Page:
The last time I checked, table #5 with more than 300 rows was the one I wanted. If that doesn’t work for you now, try installing Table Capture on a Chrome browser to check which table you want to download.
I’ll try again, specifying table 5 and then seeing what column names are in the new citytable. Note that in the following code, I put the citytable <- htmltab() command onto multiple lines. That’s so it didn’t run off the printed page – you can keep everything on a single line. If the table number has changed since publication, replace which = 5 with the correct number.
Instead of using the page at Wikipedia, you can replace the Wikipedia URL with the URL of a copy of the file I created. That file is at http://bit.ly/WikiCityList. To use that version, type bit.ly/WikiCityList into a browser, then copy the lengthy URL it redirects to and use that instead of the wikipedia.org URL below:
##  "2017rank" "City" ##  "State" "2017estimate" ##  "2010Census" "Change" ##  "2016 land area" "2016 land area" ##  "2016 population density" "2016 population density" ##  "Location"
How did I know
which was the argument I needed to specify the table number? I read the htmltab help file using the command
?htmltab. That included all available arguments. I scanned the possibilities, and “
which a vector of length one for identification of the table in the document” looked right.
Note, too, that I used colnames(citytable) instead of names(citytable) to see the column names. Either will work. Base R also has a rownames() function.
Anyway, those table results are a lot better, although we can see from running
str(citytable) that a couple of columns which should be numbers came in as character strings. You can see this both by the chr next to the column name and quotation marks around values like “8,550,405”.
This is one of R’s small annoyances: R generally doesn’t understand that 8,550 is a number. I dealt with this problem myself by writing my own function in my own rmiscutils package to turn all those “character strings” that are really numbers with commas back into numbers. Anyone can download the package from GitHub and use it.
The most popular way to install packages from GitHub is to use a package called devtools. devtools is an extremely powerful package designed mostly for people who want to write their own packages, and it includes a few ways to install packages from other places besides CRAN. However, devtools usually requires a couple of extra steps to install compared to a typical package, and I want to leave annoying system-admin tasks for a bit later.
However, the pacman package I suggested you install in Chapter 2 will also install packages from non-CRAN sources like GitHub. If you haven’t yet, install pacman with
pacman’s p_install_gh(“username/packagerepo”) function installs from a GitHub repo.
p_load_gh(“username/packagerepo”) _loads a package into memory if it already exists on your system and first installs then loads a package from GitHub if the package doesn’t exist locally.
My rmisc utilities package can be found at “smach/rmiscutils”. Run
and you’ll install my rmiscutils package.
Note: An alternative package for installing packages from GitHub is called remotes, which you can install with:
Its main purpose is to install packages from remote repositories such as GitHub. You can look at the help file with
And, possibly the slickest of all is a package called githubinstall. That aims to guess the repo where a package resides. Install it with
and then you can install my rmiscutils package using
You’ll be asked if you want to install the package at smach/rmisutils.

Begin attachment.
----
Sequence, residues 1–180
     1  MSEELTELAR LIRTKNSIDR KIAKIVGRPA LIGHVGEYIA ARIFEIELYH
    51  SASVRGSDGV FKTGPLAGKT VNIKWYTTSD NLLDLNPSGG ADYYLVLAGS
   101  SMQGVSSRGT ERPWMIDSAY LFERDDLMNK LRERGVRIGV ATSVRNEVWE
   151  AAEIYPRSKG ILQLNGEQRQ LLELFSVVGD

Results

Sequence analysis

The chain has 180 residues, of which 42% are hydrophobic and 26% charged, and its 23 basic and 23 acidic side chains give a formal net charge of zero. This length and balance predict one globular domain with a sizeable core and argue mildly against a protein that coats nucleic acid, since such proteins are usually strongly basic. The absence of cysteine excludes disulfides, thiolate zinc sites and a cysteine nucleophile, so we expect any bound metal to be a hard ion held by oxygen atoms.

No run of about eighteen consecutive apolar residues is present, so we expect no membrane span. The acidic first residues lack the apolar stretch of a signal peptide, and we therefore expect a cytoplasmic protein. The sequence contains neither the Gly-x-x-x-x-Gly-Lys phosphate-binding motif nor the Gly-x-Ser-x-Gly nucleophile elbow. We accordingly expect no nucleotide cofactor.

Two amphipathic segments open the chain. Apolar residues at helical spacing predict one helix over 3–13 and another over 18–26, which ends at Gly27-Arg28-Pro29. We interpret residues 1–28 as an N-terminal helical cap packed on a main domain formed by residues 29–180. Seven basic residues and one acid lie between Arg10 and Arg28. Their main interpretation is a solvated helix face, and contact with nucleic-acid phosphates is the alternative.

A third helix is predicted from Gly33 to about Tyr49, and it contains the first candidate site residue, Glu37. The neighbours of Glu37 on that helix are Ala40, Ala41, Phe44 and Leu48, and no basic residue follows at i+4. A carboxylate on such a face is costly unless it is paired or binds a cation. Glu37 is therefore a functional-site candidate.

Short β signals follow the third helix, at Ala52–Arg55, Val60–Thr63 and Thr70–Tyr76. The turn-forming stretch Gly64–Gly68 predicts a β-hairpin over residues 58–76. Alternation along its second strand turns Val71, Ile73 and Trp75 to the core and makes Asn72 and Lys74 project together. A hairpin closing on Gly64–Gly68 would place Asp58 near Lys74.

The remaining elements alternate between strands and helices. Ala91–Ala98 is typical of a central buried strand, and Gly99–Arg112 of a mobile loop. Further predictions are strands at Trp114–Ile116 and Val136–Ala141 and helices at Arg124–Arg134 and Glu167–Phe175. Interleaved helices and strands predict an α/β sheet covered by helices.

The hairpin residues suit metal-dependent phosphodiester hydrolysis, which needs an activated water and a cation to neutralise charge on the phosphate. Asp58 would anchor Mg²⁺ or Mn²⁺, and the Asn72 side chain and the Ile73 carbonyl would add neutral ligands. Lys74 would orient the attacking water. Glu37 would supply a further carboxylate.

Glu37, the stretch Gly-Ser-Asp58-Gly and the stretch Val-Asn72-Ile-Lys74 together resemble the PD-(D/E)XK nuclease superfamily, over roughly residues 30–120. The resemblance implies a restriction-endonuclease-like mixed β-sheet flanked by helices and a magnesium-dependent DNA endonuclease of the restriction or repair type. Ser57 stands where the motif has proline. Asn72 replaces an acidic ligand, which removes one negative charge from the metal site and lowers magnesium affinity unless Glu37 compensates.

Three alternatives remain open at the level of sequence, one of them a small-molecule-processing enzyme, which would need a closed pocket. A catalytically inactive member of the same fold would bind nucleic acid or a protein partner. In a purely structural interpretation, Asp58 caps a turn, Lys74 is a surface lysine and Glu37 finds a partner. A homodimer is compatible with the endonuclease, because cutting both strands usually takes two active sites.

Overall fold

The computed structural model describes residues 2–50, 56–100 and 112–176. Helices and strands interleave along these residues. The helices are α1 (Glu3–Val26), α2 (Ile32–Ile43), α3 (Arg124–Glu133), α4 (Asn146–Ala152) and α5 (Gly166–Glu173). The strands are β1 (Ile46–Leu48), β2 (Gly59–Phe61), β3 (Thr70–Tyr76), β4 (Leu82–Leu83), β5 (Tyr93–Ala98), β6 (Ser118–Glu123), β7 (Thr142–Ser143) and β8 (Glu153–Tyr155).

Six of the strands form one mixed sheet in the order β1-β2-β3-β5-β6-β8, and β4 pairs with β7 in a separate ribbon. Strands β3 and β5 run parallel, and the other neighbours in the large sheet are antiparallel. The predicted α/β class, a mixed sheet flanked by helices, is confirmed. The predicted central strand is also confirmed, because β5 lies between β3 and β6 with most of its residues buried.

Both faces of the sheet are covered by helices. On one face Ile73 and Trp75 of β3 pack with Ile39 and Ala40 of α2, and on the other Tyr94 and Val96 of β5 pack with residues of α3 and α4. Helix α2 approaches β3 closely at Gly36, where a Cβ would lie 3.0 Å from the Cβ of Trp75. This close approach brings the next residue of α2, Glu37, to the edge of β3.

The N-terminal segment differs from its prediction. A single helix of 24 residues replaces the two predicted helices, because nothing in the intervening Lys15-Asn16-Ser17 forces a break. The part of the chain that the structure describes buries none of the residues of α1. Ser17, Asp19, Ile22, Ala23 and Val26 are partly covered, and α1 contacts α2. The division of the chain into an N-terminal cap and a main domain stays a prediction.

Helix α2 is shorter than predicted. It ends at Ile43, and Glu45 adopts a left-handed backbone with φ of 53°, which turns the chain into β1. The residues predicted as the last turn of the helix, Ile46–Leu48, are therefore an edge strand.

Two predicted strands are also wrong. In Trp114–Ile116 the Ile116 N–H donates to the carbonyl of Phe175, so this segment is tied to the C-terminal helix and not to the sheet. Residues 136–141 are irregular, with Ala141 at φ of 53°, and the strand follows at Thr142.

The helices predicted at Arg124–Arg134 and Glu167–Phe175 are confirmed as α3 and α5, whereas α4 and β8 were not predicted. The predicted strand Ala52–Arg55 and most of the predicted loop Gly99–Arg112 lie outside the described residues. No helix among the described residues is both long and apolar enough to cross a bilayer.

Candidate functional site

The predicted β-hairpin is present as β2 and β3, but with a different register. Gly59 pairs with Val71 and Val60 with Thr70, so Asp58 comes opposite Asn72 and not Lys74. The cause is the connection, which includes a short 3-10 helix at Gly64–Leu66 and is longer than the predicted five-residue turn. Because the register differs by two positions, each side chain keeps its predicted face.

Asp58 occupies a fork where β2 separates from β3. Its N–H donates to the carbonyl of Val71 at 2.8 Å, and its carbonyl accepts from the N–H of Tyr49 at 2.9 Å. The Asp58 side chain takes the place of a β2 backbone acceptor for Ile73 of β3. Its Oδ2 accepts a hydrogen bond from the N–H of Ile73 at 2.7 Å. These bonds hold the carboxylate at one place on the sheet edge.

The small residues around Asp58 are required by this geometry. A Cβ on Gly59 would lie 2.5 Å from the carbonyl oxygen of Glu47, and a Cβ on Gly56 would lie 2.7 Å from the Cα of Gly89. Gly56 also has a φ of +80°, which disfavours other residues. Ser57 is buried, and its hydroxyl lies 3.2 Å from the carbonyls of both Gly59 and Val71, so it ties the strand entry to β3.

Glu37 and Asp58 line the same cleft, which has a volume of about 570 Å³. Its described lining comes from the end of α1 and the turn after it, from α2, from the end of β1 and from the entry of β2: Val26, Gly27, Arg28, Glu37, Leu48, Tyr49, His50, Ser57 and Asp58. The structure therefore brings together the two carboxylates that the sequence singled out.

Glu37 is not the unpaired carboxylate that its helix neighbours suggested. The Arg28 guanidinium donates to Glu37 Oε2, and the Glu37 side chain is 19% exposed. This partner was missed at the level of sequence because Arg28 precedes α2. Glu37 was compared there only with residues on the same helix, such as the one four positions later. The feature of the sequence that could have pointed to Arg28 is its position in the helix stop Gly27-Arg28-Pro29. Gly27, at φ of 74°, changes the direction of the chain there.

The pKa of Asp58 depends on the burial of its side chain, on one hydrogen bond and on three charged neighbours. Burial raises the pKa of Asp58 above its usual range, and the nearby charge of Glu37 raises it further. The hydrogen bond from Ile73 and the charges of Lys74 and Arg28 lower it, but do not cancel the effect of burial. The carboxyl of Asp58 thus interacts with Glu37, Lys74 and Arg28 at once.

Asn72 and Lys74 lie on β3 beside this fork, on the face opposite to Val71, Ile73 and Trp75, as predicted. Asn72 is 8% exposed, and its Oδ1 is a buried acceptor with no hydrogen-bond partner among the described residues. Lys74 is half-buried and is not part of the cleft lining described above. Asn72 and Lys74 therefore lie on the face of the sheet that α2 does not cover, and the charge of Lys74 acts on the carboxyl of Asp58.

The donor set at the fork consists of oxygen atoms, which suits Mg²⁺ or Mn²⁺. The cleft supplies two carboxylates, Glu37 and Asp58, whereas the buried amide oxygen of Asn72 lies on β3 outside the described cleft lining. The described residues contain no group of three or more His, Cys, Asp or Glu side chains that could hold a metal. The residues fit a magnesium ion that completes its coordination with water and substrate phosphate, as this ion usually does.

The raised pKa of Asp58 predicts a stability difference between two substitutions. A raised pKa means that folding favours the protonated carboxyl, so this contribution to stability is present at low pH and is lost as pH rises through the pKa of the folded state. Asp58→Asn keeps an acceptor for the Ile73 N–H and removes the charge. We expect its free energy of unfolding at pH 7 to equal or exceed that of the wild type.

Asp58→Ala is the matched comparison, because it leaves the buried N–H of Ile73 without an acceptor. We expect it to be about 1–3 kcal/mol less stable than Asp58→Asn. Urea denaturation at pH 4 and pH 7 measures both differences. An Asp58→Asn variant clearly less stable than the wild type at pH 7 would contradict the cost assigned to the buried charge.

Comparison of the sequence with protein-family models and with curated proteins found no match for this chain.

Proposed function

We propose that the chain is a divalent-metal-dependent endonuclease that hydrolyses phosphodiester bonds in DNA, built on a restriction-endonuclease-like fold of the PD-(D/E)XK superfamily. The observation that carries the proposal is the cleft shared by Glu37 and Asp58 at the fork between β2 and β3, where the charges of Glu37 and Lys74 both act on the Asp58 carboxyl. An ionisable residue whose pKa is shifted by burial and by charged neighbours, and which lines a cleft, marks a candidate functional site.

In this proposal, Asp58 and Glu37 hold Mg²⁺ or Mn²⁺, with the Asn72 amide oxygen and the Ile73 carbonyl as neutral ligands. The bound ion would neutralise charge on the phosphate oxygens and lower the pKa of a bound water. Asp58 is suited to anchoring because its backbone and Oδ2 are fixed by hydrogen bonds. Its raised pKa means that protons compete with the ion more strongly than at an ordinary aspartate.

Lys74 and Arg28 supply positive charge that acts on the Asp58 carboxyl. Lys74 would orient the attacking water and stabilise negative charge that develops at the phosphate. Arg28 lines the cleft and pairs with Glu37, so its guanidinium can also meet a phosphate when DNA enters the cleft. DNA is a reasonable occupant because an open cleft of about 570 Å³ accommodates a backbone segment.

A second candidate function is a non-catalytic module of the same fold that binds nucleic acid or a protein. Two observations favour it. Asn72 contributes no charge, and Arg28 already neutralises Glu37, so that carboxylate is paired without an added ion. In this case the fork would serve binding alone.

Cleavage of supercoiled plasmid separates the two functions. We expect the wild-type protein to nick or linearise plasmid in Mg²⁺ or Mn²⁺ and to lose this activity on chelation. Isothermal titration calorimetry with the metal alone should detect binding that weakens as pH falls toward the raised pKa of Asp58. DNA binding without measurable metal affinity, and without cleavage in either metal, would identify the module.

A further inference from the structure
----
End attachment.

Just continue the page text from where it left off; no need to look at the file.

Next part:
Now that you’ve installed my collection of functions, you can use my number_with_commas() function to change those character strings that should be numbers back into numbers. I strongly suggest adding a new column to the data frame instead of modifying an existing column – that’s good data analysis practice no matter what platform you’re using.
I’ll call the new column PopEst2017. (If the table has been updated since, use appropriate column names.)
My rmiscutils package isn’t the only way to deal with imported numbers that have commas, by the way. After I created my rmiscutils package and its number_with_commas() function, the tidyverse readr package was born. readr also includes a function that turns character strings into numbers, parse_number().
After installing readr, you could generate numbers from the 2017 estimate column with readr:
One advantage of readr::parse_number() is that you can define your own locale() to control things like encoding and decimal marks, which may be of interest to non-U.S.-based readers. Run
?parse_number for more information.
Note: If you didn’t use tab completion for the 2017 estimate column, you might have had a problem with that column name if it has a space in it at the time you are running this code. If you see my code above, you’ll notice there are backwards single quote marks around the column name. That’s because the existing name had a space in it, which you’re not supposed to have in R. That column name has another problem: It starts with a number, also generally an R no-no. RStudio knows this, and automatically adds the needed back quotes around the name with tab autocomplete
Bonus tip: There’s an R package (of course there is!) called janitor that can automatically fix troublesome column names imported from a non-R-friendly data source. Install it with
install.packages("janitor"). Then, you can create new clean column names using janitor’s clean_names() function.
I’ll create an entirely new data frame instead of altering column names on my original data frame, and run janitor’s clean_names() on the original data. Then, check the data frame column names with names():
##  "x2017rank" "city" ##  "state" "x2017estimate" ##  "x2010census" "change" ##  "x2016_land_area" "x2016_land_area_2" ##  "x2016_population_density" "x2016_population_density_2" ##  "location"
You’ll see the spaces have been changed to underscores, which are legal in R variable names (as are periods). And, all column names that used to start with a number now have an x at the beginning.
If you don’t want to waste memory by having two copies of essentially the same data, you can remove an R object from your working session with the rm() function: